Transition metal complexes as probes of DNA sequence-dependent structure

by Campisi, Donna

Abstract (Summary)
Different transition metal complexes have been applied in probing variations in the structure of double helical DNA. The following probes, which all bind DNA noncovalently, have been utilized: Ru(phen)3(2)+, Ru(TMP)3(2)+, Rh(phen)2phi3+, Rh(TMP)2phi3+, Rh(dmbpy)2phi3+, Ru(phen)2dppz2+, Ru(bpy)2dppz2+, and Rh(bpy)2dppz3+ (phen = 1,10 phenanthroline; TMP = 3,4,7,8,-tetramethyl- 1,10-phenanthroline; phi = 9,10-phenanthrenequinone diimine; dmbpy = 5,5'-dimethylbipyridyl; bpy = bipyridyl; dppz = dipyrido[3,2-a;2',3'-c]phenazine). The local structure recognized by [Delta]-Rh(phen)2phi3+ has been defined by comparisons of photocleavage data on crystallographically characterized oligonucleotides with their structural parameters. A quantitative correlation has been determined between [Delta]-Rh(phen)2phi3+ photocleavage and extent of openness in the major groove due to differential propeller twisting, or interpurine angle. Therefore, [Delta]-Rh(phen)2phi3+ has been developed as a probe of DNA propeller twisting in solution. Differences in reaction pathway partitioning between enantiomers of Rh(phen)2phi3+ are attributed to differing extent of shape complementarity with DNA binding sites. Rh(TMP)2phi3+ has been explored in probing DNA mismatches in solution. Both [Delta]-Rh(phen)2phi3+ and Rh(TMP)2phi3+ sensitively mark local structural perturbations in an oligonucleotide, arising from substitution of a CG base pair with TG and AG mismatches. Rh(phen)2phi3+ and Ru(TMP)3(2) have also been applied in probing structural variations in the context of a long DNA strand. A C7 stretch is targeted by Ru(TMP)3(2), an A DNA probe and Rh(phen)2phi3+, a B DNA probe. These results indicate this sequence is heteronomous, containing wide major and minor grooves. [Delta]- and [Lambda]-Rh(phen)2phi3+ also discriminate structural differences between bent and nonbent DNA fragments. Variations in metal complex-DNA interactions have also been examined by a gel electrophoretic mobility assay. Intercalator size, hydrophobicity of ancillary ligands, metal complex charge, and chirality all influence the extent of DNA retardation. Taken together, these studies demonstrate that transition metal complexes can be profitably and uniquely applied towards exploring DNA structural heterogeneity.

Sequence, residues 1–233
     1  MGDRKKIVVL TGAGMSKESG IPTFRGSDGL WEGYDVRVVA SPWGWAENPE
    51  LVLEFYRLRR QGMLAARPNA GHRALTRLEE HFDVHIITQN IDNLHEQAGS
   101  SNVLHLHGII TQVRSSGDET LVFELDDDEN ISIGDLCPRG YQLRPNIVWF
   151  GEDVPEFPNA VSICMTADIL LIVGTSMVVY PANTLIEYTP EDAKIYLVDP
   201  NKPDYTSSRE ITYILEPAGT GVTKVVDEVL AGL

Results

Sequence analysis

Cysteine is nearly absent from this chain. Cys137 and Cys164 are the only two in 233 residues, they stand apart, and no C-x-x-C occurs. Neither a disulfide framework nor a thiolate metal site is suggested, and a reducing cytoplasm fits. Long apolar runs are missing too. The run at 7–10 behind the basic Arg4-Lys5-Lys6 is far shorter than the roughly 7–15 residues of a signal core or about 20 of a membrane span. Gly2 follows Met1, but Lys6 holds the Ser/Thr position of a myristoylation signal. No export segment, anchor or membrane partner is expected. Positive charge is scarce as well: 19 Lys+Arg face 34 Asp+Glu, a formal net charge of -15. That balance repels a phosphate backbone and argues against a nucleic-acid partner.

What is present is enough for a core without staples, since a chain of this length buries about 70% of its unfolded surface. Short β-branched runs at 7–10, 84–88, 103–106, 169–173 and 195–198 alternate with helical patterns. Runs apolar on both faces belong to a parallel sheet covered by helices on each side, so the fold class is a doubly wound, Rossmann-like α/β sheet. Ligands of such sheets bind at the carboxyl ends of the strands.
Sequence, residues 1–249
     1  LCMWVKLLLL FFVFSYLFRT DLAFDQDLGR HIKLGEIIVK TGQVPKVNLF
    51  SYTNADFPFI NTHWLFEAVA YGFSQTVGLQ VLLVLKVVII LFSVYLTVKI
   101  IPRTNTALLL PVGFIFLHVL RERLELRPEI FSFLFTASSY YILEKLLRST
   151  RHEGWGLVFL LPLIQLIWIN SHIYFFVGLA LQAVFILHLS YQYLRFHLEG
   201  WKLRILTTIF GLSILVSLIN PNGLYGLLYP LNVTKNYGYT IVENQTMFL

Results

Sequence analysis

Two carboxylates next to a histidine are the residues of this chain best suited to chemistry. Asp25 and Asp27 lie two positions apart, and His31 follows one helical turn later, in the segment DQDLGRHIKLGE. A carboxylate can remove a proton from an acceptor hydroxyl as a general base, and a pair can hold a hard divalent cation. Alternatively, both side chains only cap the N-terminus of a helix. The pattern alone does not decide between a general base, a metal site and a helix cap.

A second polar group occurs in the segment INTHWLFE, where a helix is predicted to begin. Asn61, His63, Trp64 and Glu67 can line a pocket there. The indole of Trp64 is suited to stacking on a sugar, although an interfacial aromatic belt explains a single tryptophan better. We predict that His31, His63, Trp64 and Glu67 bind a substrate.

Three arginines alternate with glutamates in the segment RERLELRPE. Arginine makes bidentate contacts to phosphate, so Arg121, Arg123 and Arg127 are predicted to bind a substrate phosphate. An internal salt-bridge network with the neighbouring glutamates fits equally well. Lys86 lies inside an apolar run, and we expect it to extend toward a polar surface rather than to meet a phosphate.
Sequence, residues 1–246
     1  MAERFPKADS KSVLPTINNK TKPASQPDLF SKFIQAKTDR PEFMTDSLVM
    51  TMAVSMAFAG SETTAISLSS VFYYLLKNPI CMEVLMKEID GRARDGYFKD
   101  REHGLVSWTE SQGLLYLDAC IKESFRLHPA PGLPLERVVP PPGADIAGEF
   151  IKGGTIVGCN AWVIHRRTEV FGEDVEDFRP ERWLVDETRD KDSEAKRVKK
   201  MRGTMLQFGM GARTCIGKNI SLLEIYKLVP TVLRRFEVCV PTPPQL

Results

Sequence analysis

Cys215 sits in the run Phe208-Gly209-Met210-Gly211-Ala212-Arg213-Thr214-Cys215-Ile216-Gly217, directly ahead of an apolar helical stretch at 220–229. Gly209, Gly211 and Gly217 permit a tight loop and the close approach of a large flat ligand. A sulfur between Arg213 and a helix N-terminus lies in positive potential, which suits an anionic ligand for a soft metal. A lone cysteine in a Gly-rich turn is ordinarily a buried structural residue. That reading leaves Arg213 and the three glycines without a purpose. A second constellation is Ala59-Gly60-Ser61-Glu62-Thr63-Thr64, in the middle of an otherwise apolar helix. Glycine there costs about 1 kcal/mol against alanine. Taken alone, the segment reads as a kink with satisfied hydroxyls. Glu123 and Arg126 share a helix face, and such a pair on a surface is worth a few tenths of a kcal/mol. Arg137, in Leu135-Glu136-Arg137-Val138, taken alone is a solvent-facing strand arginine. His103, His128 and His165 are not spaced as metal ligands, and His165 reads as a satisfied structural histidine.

Bibliographical Information:

Advisor:Jacqueline K. Barton; Douglas C. Rees; Harry B. Gray; Nathan Saul Lewis

School:California Institute of Technology

School Location:USA - California

Source Type:Master's Thesis



Date of Publication:08/01/1995

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